Last night’s anniversary dinner was really nice. I made a risotto Milanese with pancetta, and a Siena style dish of chicken breast fillets with lemon and parsley. The risotto was fantastic, and I think I might have to add it to my regular repertoire. We decided to make a special night of it because Lisa’s trips to Italy are about to begin, and at this point we don’t know how often she’ll be home. Work is tough…

Speaking of repertoire, I’m in the middle of trying to build one for the E-52s. I’m finding it more challenging than I thought. There are two main challenges: finding good songs for female soloists and finding music that I like and the group likes too. I knew I had weird tastes in music, but there’s nothing like directing an a cappella group and watching their reaction to your musical ideas to really bring that home.

I might do a little Applescript work this morning, now that the fuss has pretty much died down over my first attempt. We’ll see how things go. I had one great plan dashed because the application I wanted to use wasn’t scriptable. It’s interesting. My initial thoughts about using script as a glue to tie website access to my desktop was that once I had the plumbing and the website API, I would be all set. Now I’m discovering the downside of relying on scripting: all the applications I use need to participate, or it won’t work. I already had to move from BBEdit Lite to TextEdit for updating my blog–I could write against the full version of BBEdit, but I’m a student and spending money for another software license when I have a passable text editor is hard to justify.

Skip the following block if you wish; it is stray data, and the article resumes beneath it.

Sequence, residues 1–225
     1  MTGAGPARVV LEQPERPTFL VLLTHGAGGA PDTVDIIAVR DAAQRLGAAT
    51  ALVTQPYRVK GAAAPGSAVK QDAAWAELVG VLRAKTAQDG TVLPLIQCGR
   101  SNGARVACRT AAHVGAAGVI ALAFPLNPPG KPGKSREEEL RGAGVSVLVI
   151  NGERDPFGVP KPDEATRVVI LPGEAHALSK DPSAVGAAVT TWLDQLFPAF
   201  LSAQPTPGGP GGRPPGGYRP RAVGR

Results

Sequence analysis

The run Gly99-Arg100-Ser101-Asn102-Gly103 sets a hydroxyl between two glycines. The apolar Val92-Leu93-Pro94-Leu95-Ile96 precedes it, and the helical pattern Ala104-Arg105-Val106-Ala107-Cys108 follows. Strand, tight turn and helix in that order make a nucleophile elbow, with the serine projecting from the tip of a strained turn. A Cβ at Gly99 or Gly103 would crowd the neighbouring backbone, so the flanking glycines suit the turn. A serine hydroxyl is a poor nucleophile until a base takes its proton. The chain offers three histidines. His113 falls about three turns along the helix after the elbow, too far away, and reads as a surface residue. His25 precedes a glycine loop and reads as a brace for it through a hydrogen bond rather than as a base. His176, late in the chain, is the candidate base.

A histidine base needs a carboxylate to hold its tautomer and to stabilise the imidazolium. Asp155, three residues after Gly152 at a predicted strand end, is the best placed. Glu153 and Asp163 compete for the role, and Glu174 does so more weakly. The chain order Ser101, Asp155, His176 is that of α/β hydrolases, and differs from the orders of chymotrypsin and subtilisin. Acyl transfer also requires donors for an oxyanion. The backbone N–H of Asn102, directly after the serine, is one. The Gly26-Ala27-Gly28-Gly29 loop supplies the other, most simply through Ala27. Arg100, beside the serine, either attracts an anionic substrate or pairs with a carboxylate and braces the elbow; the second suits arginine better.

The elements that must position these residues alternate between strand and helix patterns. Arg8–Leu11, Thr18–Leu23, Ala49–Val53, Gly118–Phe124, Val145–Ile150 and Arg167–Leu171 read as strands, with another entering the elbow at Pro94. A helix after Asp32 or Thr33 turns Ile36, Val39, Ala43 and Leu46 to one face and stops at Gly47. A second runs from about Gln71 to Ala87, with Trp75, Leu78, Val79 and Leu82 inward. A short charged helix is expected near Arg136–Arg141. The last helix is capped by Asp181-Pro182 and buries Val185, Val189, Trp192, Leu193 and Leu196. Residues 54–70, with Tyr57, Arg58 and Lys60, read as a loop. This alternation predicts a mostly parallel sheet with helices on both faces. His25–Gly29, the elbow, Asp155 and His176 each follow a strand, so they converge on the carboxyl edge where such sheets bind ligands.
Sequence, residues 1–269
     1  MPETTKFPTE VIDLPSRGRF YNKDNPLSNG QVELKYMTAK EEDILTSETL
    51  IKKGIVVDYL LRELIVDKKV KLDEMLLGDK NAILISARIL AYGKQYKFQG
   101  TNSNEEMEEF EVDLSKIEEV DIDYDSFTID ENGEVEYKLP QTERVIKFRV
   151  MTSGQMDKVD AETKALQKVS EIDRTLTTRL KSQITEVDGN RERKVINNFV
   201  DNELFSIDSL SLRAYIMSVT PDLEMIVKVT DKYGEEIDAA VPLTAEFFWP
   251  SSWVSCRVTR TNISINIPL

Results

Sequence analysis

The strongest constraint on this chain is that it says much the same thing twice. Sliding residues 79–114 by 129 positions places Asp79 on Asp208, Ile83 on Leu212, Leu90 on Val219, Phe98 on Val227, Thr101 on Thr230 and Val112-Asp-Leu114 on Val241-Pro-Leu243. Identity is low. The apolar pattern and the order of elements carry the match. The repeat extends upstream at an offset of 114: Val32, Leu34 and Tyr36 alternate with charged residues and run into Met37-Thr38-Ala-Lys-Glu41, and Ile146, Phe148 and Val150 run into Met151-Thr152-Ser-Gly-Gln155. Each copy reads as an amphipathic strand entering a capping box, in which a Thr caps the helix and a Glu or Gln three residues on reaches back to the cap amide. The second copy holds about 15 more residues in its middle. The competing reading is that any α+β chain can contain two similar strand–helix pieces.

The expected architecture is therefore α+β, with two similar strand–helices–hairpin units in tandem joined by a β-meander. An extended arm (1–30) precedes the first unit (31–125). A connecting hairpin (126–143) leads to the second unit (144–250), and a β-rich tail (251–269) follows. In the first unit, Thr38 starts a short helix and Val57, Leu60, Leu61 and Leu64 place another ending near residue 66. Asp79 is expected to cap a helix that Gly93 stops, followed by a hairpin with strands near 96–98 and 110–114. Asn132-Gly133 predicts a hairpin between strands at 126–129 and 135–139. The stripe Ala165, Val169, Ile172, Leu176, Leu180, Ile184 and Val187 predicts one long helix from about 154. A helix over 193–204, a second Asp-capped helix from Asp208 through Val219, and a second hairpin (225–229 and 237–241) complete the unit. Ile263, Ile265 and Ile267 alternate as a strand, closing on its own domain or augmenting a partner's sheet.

It’s a Big Scripting Party

Yesterday’s piece on using AppleScript to update a Manila blog interested a lot of people, thanks largely to Dave‘s link to my page. A typical story on my site might accrue 10 hits the first day it’s posted. This one garnered 559. Which leaves open the question: by writing that little script and telling Dave about it, was I just shamelessly whoring for hits? Hopefully a few people downloaded the script and found it worthwhile.

I’d like to issue a public invitation to all the people who are interested in using Apple’s new RPC capabilities with Manila. Let’s have a discussion about what would be the most valuable scripts to write and what would add the most value. I’ll kick it off: I think that (a) automatic spellchecking prior to posting and (b) ability to post image files directly from the Finder to my blog would be great things to have. What do you think?